May 31, 2019
Again last night the signals were strange - sometimes fleetingly and sometimes not so much. But as I thought the signals had returned to normal and also maybe weaker, they again returned to odd in that SB could be clearly heard across the middle and concurrently with SD on the law end. This combination could often parlay into a not-good situation for possible future tornadic activity elsewhere (maybe anyhow).
However, I have also had a revelation of sorts as to what else I should be looking regarding clues to make sense of my model. Again, I hope I am not just reinventing the wheel here with my model. But I don't believe so, as I am looking at unique aspects of it all (I am thinking). Of course, maybe the day may yet come when I can seriously study my tornado prediction model in greater detail.
Friday, May 31, 2019
Thursday, May 23, 2019
May 22, 2019
This evening at approx.. 10 PM (2200 WST), KNX 1070AM radio in Los Angeles reported something about 140 tornadoes have been reported over the last few days (or so) in the nation’s Heartland.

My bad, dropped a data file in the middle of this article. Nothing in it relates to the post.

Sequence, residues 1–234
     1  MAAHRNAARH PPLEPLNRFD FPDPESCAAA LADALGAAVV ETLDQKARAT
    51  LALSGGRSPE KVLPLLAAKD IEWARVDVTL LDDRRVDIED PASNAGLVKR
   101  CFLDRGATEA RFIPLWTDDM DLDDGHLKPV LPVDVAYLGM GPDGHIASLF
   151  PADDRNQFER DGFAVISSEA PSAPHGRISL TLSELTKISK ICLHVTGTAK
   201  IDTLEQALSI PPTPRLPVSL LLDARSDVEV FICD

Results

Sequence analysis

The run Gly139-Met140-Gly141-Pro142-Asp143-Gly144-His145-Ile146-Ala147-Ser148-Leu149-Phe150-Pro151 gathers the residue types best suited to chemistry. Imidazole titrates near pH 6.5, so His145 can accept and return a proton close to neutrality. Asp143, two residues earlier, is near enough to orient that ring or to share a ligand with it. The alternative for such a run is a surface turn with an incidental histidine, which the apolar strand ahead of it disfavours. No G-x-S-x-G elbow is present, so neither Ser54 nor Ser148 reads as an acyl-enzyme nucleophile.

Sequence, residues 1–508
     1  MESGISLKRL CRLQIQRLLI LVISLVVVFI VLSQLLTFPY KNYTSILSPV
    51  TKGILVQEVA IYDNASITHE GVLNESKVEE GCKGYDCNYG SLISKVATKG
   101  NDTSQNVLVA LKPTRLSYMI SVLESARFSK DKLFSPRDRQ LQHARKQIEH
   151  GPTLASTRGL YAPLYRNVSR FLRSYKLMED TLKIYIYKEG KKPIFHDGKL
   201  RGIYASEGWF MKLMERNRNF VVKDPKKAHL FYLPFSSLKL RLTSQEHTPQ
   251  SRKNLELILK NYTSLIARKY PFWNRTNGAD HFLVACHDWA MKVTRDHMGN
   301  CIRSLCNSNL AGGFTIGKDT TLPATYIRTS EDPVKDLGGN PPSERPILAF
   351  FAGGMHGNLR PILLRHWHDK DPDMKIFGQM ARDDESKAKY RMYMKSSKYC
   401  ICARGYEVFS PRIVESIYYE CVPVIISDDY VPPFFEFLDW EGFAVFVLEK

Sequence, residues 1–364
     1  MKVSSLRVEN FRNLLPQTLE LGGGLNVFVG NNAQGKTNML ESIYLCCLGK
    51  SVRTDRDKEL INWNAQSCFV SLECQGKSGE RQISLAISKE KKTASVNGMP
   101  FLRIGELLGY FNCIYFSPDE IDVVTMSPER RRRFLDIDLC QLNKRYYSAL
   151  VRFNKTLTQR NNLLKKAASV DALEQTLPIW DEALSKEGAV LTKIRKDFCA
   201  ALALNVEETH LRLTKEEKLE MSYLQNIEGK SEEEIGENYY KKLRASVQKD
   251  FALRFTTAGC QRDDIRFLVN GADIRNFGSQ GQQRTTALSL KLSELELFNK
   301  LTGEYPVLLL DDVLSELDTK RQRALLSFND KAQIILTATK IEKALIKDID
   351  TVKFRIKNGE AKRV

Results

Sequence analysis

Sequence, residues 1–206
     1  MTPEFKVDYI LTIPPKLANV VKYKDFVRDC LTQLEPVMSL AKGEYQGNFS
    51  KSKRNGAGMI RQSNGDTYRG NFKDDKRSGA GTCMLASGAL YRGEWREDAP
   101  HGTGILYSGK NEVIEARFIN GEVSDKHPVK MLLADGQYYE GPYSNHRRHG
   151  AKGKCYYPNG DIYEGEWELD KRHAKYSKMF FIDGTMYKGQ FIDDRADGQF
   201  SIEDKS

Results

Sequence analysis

As I have been overly preoccupied during the last few years, I have decided to sometimes change the protocol my blog entries as I am able- when I am able to listen for the saints’ singing at all. Rather than mostly trying to be predictive of tornadic activity with my model, I can/might blog in retrospect when noteworthy. As I typically blog for my own future reference anyhow, I don’t need to prove the veracity of my own statements to myself in retrospect either.
Nevertheless, the saints’ singing during the last week (or so) was significantly weaker than normal. And such still seems weak when/if the signals are not just odd. Like…, St. B being heard across the middle while Saint D. is concurrently heard on the low end (at the less-than-optimal listening spot and at low to varying degrees of strength). Like I said: odd. The last time such a juxta-positioning was apparent there was also some significant amount of tornadic activity in the Heartland, as I recall as well. Then again, I am never quite sure how much my model is being affected by passing storms here in SoCal.
Thursday, April 18, 2019
April 17, 2019
Of late, many storms and much tornadic activity have been rocking across the nation’s heartland. However, the signals heard throughout and during the week prior to this same time period, those signals have been of nearly every combination possible. From the singing of one saint dominating the band (such as SD everywhere) to no saints being heard at all (which is typically the worst combination, barring a passing storm here on the west coast). Moreover, these odd combinations, perturbations, and fluctuations have been typically too odd of which to blog. (That, or I’ve been falling asleep at night and forgetting to blog about the matter.)